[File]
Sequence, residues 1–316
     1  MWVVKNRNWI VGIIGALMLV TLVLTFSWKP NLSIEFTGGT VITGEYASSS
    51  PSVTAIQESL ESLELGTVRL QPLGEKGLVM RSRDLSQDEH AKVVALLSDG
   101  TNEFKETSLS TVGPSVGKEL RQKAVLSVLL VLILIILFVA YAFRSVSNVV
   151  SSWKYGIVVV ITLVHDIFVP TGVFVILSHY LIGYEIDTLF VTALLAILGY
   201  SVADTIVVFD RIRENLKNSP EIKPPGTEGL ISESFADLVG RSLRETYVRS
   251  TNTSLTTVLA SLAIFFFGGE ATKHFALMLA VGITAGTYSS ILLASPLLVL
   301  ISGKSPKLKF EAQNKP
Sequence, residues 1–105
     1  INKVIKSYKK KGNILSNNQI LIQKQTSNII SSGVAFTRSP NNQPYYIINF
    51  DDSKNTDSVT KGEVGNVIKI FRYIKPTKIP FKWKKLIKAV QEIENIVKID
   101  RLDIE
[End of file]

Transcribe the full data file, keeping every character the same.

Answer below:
Sequence, residues 1–316
     1  MWVVKNRNWI VGIIGALMLV TLVLTFSWKP NLSIEFTGGT VITGEYASSS
    51  PSVTAIQESL ESLELGTVRL QPLGEKGLVM RSRDLSQDEH AKVVALLSDG
   101  TNEFKETSLS TVGPSVGKEL RQKAVLSVLL VLILIILFVA YAFRSVSNVV
   151  SSWKYGIVVV ITLVHDIFVP TGVFVILSHY LIGYEIDTLF VTALLAILGY
   201  SVADTIVVFD RIRENLKNSP EIKPPGTEGL ISESFADLVG RSLRETYVRS
   251  TNTSLTTVLA SLAIFFFGGE ATKHFALMLA VGITAGTYSS ILLASPLLVL
   301  ISGKSPKLKF EAQNKP
Sequence, residues 1–105
     1  INKVIKSYKK KGNILSNNQI LIQKQTSNII SSGVAFTRSP NNQPYYIINF
    51  DDSKNTDSVT KGEVGNVIKI FRYIKPTKIP FKWKKLIKAV QEIENIVKID
   101  RLDIE